“It was an absolutely brilliant experience for the children and everyone involved – I couldn’t be more proud,” said teacher Caroline Davis, who runs the choir. “The way it’s set up is that the choirs take up all the usual arena seating, with the floor of the arena – where people usually stand – being devoted to seating for spectators, so you’re totally surrounded by the voices of the children. It’s an amazing experience.”
Whilst most of the children sang in the main arena choir, two lucky members of the Cuddington contingent – Harry Still and Ben Quigley - got to sing solos, accompanied by the smaller stage choir, after passing auditions. An already unforgettable day for the children and the many family members who went to watch them became even more
memorable when they were joined by X Factor judge Aleesha Dixon, and Britain’s Got Talent duo Bars and Melody, who sang with them.
“The children will remember this remarkable experience forever, and so will the family members who came along to watch them,” said Ms Davis. “But they put in so much hard work that they deserved every second of it.”
Parents at Warlingham Village School have shown that they are willing to dig deep for the benefit of their children after providing voluntary labour and funds for the Key Stage 1 garden area at the school.
Reception teacher Mrs Swallow proposed the idea of a garden to be maintained by the children, and the PTA got the funding drive under way by organising a cake sale amongst Reception and Year One pupils, which raised £185. After that initial success, they began to think about how they could bring the cost down by making some of the items themselves – and that was when community spirit took over.
“One of the dads, James Poole, is a carpenter,” said PTA member Mandy Lavine, “so he made three square planters on casters, which is similar to what was originally proposed, but done for free – and the cost of the materials was more than covered by the money we made from the cake sale. Now that’s done, the plan is for the children to decorate the
bare wood with hand prints, to put their mark on their garden, literally.”
With the hard graft having been put in during the winter, next term the PTA hopes to see that effort come into bloom. “There’s already an outing planned to a local garden centre, for the children to learn about the plants,” added Mandy. “I’ve suggested to the school that we might see if we can get them to donate something. Fingers crossed the children might come back from that trip with more than just memories of what the plants look like, and then they can enjoy that in the garden that together we and they have helped create.”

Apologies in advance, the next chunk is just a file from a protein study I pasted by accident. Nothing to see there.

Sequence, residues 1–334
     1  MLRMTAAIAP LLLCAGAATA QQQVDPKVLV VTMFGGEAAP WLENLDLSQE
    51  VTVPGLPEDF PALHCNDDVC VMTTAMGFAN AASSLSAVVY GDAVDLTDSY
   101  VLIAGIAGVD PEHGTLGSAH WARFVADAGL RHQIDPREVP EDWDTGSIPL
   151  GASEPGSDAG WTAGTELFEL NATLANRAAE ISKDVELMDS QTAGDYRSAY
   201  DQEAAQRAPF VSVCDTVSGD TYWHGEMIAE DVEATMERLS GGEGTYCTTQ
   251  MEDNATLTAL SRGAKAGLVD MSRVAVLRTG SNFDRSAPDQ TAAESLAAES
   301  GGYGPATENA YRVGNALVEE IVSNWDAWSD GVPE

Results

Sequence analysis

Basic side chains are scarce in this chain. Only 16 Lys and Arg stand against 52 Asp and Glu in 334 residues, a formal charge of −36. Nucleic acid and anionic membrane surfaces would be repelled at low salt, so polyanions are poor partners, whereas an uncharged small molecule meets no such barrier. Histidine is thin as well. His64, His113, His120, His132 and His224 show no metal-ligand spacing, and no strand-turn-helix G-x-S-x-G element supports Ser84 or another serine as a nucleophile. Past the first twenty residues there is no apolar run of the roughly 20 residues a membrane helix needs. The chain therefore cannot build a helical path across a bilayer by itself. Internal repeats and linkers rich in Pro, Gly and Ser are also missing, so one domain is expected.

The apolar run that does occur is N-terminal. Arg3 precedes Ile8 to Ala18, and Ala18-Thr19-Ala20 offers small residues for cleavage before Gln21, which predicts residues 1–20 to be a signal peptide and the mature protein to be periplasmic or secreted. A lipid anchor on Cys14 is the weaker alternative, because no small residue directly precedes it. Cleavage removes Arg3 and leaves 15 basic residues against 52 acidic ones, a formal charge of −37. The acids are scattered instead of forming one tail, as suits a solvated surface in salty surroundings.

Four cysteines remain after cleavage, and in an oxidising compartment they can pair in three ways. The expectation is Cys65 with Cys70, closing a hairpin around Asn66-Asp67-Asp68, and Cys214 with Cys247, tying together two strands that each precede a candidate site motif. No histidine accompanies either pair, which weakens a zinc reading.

The spelling on the school badge may have said Whyte but that was just about the only thing that was not red last week as staff and pupils at Whyteleafe School entered into the spirit of Red Nose Day, raising a remarkable £1500 for Comic Relief with a packed programme of activities and events.
From cake sales to nail painting, via the school talent contest – with teachers renamed Simon, Louis Nicole and Tulisa for the afternoon – everyone did their bit to get into the spirit of the day and help raise a smile and funds for well-meaning causes.
Unsurprisingly, the vast array of cakes donated by staff and pupils were snapped up during break time, but the most popular and successful event of the day was the afternoon’s talent show.
With so many people having paid to enter, classes had to stage elimination rounds before the finalists stepped into the spotlight and performed in front of the whole school – and their families, who had made a donation for the chance to come along and see their big moment.
Joint winners were Cydney Biggle and Amy Collins, with the judges unable to separate their performances of songs by Whitney Houston and Alicia Keys. Runners-up were Year Four’s Rude Boys with Year Two dance troupe the Sparkle Sisters in third place.
Head teacher, Anthony Marsh, said it was a day for the whole school to be proud. “Red Nose Day is all about two things – having fun and raising money for a good cause – and the children have done both these things to a remarkable degree,” he said.
“A lot of people, especially school council members, put in a lot of effort to make this a success and it demonstrates what a great community Whyteleafe is to raise as much as we did. I’m extremely proud of every one of them, and the fantastic work they’ve done.”